Student stages walk out ahead of Leath address during ISCORE


Emily Blobaum/Iowa State Daily

Chairs sit empty at the 2017 Iowa State Conference on Race and Ethnicity. 

Jacey Goetzman

As Iowa State President Steven Leath took the podium at the Iowa State Conference on Race and Ethnicity (ISCORE), a woman with a megaphone stood up to make a statement of her own.

The student, Itzel Zuniga, stood in the middle of the Sun Room of the Memorial Union and read a prepared statement to Leath off her phone.

Zuniga presented a variety of problems she has with Leath, including his usage of university planes, as well as what Zuniga called his lack of public advocacy for students who have been impacted by President Donald Trump’s actions thus far – among them, transgender students, Muslim students and students from the seven banned countries in Trump’s executive order.

“I have stood on that stage, sharing my experience as a woman of color at this university and I was not listened to,” Zuniga, senior in women’s studies, said. “I am tired of my, and my peers’ trauma, being used as a tool for white educators on this campus.”

Snaps of support resounded within the room while silence occupied others.

The statement came after months of tension on campus, where students called for a stronger condemnation of white heritage posters found on campus in October 2016 and after protesters marched to Beardshear Hall in November 2016 to deliver the message of “not my president” to President Leath.

“By allowing Donald Trump on this campus and refusing to shut down white supremacy, you have put our safety at risk,” Zuniga said. “You hang out and spend time and spend our tax money with racists.”

Zuniga did not stop there.

“You sir, are a racist,” Zuniga said. “You do not deserve the brilliance of a single student of color in this room.”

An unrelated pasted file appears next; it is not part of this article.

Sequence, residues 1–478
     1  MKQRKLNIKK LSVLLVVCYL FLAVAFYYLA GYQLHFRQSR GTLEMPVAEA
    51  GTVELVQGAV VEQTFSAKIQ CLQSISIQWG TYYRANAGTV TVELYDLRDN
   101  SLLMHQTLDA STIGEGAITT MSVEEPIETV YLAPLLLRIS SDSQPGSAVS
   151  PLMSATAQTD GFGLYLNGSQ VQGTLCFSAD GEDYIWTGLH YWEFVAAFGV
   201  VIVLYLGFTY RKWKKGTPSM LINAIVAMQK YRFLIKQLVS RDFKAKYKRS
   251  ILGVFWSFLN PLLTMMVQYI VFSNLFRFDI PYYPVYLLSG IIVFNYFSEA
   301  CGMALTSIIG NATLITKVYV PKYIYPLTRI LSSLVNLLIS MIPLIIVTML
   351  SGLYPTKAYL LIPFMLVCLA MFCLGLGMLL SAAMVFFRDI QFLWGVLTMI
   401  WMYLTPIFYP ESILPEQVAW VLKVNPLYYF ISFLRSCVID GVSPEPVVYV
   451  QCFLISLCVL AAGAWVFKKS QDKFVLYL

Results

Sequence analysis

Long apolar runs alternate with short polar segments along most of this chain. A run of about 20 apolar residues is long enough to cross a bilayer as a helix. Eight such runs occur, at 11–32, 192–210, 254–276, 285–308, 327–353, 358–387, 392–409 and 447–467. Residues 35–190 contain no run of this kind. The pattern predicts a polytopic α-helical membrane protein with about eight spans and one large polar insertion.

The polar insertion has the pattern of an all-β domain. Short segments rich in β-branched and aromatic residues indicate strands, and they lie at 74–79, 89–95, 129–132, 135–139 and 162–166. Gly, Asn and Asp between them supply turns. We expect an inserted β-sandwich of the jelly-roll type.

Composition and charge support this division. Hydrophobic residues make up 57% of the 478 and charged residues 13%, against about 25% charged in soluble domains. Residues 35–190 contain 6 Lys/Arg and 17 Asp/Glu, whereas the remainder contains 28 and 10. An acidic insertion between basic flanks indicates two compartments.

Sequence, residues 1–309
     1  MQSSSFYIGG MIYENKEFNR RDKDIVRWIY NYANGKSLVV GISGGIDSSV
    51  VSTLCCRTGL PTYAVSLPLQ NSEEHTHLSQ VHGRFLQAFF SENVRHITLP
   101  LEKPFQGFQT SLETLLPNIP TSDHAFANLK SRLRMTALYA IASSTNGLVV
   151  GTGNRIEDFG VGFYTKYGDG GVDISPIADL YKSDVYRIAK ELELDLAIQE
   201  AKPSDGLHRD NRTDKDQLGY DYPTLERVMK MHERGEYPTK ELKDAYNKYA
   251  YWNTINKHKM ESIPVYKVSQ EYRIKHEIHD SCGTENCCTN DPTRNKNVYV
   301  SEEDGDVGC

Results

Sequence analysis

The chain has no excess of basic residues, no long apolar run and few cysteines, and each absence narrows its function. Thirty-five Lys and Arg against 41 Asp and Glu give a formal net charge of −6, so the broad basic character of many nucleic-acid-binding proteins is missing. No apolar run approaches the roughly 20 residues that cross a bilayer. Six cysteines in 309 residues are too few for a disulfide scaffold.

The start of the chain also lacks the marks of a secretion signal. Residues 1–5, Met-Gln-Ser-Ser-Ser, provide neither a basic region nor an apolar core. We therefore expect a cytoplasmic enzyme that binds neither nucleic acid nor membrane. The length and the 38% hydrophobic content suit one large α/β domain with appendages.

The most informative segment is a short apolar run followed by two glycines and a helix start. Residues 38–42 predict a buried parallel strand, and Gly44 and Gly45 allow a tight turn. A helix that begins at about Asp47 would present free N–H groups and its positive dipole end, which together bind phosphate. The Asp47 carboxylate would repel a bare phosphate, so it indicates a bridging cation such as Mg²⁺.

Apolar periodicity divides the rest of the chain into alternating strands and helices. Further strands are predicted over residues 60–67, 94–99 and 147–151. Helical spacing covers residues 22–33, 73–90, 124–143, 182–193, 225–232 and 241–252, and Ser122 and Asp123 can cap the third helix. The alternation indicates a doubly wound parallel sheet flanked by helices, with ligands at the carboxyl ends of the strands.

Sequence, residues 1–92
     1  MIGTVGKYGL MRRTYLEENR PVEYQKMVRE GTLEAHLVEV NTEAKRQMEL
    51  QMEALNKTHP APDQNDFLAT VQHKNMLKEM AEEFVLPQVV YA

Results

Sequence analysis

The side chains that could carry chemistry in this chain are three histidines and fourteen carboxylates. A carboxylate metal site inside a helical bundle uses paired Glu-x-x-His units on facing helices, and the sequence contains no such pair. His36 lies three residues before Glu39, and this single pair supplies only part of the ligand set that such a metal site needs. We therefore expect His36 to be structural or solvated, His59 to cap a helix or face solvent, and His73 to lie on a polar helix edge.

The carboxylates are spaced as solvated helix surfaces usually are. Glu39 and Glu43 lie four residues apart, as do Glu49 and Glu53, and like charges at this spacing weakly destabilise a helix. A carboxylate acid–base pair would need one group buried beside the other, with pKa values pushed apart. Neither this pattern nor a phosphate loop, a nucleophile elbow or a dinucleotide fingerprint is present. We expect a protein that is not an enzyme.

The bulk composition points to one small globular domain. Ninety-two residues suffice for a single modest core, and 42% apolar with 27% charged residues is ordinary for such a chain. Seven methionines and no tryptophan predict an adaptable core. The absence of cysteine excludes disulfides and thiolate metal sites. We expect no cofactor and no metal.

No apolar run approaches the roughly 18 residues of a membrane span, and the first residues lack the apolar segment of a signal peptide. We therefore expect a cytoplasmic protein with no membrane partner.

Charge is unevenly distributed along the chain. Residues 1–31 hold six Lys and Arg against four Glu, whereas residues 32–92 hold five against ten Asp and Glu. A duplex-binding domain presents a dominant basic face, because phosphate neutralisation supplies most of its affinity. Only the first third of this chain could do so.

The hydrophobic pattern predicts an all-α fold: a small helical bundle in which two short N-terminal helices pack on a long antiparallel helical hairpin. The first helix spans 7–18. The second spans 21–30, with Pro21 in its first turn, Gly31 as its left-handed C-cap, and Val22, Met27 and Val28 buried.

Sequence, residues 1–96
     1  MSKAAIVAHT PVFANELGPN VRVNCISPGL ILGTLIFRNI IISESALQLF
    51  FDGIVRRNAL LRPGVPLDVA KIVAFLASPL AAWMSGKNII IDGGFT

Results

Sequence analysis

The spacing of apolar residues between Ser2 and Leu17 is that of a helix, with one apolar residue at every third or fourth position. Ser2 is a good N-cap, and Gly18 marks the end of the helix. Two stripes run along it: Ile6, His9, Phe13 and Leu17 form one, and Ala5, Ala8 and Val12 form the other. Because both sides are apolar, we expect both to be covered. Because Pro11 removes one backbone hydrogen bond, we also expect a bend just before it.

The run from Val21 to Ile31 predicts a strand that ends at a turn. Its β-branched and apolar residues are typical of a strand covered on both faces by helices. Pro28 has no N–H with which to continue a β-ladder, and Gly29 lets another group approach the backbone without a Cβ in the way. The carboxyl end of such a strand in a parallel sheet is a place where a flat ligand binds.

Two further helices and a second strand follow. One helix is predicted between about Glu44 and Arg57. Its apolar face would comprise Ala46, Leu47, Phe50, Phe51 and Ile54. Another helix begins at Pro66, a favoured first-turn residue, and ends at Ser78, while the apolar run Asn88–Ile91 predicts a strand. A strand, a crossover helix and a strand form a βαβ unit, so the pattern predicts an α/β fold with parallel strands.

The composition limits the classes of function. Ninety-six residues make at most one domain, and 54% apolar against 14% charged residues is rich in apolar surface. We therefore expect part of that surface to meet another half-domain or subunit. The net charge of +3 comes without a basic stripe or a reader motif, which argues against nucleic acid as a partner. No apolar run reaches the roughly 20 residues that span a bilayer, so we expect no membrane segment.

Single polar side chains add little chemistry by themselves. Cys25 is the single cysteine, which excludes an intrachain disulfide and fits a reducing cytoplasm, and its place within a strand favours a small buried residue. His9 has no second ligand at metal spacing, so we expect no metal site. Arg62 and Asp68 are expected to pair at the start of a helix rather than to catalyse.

Zuniga concluded her statement by asking others to join her in solidarity as she walked out. A group of 40 to 50 people were reported leaving.

Leath issued a statement after the conference:

“I value the feelings and concerns of all members of the Iowa State community, including this student and those who walked out in protest. It is unfortunate that this student decided to express her feelings through personal attacks on me and in a way that disrupted a program that aims to bring our university community together. Many staff, students, and faculty work very hard each year to put ISCORE together and nearly 1000 members of the Iowa State community registered to attend this year to cultivate awareness and understanding of issues of race and ethnicity. Launching personal attacks and treating each other with disrespect is not the way to create a campus culture that supports diversity, inclusion, and equity; that is the antithesis of the Principles of the Iowa State Community. However, despite the manner in which the feelings were expressed, I realize they came from a place of hurt and frustration. Moving forward, I will commit to making myself even more accessible so that we can address issues and concerns through civil discourse and respectful dialogue to effect meaningful, sustainable change here at Iowa State.”

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